Commissioners Address Jail Concerns

Commissioners Address Jail Concerns

The following topic will be considered at the Wayne County Commissioners’ weekly session on Wednesday, January 19, 2022, at 2 p.m. in the meeting room on the second floor of the Administration Building. A link to register to view the meeting virtually is available HERE.

Documents available for download:

Strollo Analysis

Administrator Recommendation

Invitation to Jan. 25 Meeting


Wayne County Commissioners address jail location concerns

WAYNE COUNTY, OH, Jan. 14, 2022 — During a recent public meeting about the jail renovation project, Wooster City officials and Main Street Wooster representatives expressed concern about the current location of the jail and Sheriff’s Office located at 201 W. North St., Wooster.

As this was not the first time this concern was voiced, the Wayne County Commissioners sought an analysis of the financial and other factors involved in such a move.

They enlisted Youngstown-based Strollo Architects, LLC. to develop comparable estimates for renovating and expanding the current site and building an equivalent jail at a new location outside City of Wooster boundaries.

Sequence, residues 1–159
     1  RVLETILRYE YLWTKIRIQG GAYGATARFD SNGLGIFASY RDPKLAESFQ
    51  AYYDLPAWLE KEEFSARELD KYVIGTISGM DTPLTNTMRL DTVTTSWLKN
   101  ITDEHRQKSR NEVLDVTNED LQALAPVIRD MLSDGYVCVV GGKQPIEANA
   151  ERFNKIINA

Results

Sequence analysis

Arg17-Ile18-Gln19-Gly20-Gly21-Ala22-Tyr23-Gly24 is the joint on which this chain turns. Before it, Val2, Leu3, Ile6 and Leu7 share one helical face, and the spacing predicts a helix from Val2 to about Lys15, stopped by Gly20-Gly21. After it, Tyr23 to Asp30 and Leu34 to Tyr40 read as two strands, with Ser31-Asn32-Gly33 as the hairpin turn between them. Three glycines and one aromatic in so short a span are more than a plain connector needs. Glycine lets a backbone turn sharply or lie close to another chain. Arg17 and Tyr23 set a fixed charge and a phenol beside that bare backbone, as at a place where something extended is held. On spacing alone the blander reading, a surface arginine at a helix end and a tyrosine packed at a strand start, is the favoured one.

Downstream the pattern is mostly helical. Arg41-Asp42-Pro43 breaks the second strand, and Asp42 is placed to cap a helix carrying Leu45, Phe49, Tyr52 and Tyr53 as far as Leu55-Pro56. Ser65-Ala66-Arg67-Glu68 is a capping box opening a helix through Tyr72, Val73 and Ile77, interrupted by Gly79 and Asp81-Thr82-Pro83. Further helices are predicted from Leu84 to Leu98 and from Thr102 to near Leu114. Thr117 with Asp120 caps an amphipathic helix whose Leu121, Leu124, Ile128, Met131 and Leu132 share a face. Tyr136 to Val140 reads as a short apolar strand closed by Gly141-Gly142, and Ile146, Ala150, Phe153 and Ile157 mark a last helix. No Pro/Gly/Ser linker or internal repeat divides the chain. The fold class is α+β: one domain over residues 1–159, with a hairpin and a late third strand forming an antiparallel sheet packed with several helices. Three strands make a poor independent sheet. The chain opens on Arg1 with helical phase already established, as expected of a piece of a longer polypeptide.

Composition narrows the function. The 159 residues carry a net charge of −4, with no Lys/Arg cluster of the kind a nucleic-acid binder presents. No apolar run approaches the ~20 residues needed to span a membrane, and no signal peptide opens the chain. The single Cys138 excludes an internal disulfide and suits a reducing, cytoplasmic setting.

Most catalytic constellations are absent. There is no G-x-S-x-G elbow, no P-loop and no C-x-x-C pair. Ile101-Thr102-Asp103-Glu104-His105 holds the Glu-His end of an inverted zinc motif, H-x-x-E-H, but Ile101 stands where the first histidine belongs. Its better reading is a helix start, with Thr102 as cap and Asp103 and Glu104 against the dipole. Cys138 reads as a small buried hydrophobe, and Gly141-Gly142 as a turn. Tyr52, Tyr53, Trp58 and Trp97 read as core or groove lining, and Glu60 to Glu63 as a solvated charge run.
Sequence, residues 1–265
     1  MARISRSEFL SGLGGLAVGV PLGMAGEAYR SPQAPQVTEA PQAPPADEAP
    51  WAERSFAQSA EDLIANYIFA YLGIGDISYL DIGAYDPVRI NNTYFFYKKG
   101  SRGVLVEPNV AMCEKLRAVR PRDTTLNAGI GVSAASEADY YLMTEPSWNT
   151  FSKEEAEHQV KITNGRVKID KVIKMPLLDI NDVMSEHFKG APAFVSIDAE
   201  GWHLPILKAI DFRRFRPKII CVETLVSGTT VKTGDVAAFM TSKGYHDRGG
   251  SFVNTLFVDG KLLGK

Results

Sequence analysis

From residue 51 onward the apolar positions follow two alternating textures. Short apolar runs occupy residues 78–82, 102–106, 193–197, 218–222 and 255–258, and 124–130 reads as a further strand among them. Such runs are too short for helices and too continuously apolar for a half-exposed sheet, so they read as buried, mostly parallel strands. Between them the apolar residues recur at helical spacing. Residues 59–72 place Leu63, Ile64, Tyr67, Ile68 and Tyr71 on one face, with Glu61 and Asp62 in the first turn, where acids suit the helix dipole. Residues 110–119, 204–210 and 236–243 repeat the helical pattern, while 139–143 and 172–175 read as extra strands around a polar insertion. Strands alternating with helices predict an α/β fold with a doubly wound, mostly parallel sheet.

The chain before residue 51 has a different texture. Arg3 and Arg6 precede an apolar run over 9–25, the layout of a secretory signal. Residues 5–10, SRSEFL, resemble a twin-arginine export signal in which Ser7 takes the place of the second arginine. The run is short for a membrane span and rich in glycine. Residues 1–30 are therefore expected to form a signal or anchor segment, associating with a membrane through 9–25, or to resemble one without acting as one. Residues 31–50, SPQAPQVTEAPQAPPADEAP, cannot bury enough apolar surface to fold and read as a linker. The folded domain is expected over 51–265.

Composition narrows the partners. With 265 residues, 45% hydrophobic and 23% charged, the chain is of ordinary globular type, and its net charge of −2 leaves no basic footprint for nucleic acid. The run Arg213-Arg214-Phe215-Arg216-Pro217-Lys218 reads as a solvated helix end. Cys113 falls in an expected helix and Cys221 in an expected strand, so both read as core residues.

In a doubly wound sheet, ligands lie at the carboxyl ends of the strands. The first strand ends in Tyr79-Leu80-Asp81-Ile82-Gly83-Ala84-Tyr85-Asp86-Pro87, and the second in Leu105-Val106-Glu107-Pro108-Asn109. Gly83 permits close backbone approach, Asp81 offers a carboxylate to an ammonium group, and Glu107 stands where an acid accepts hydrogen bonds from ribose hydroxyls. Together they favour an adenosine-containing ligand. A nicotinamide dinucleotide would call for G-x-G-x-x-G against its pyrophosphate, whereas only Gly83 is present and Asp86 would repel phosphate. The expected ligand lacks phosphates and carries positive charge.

The comparison assumes the same inmate numbers, style, and retention needs identified in the proposed 248-bed model the county submitted a grant application for jail construction funding provided in current State of Ohio capital improvement appropriations, enacted in December of 2020.

That grant request was based on:

  • 214 licensed beds, including 48 high-security isolation cells
  • 34 medical isolation cells

According to the architect, the construction cost for renovating the current jail and expanding it with 27,000 square feet of new construction is estimated at $30.2 million. Building a new facility on a remote site is estimated to cost $47 million.

This is $16.8 million more than remaining at the current site on the edge of downtown, a 55% higher cost.

There are additional operational considerations beyond the cost of construction to consider. These factors were developed in cooperation with the Sheriff’s Office and outlined in a letter presented by County Administrator Patrick Herron in the Commissioner’s voting session on January 12.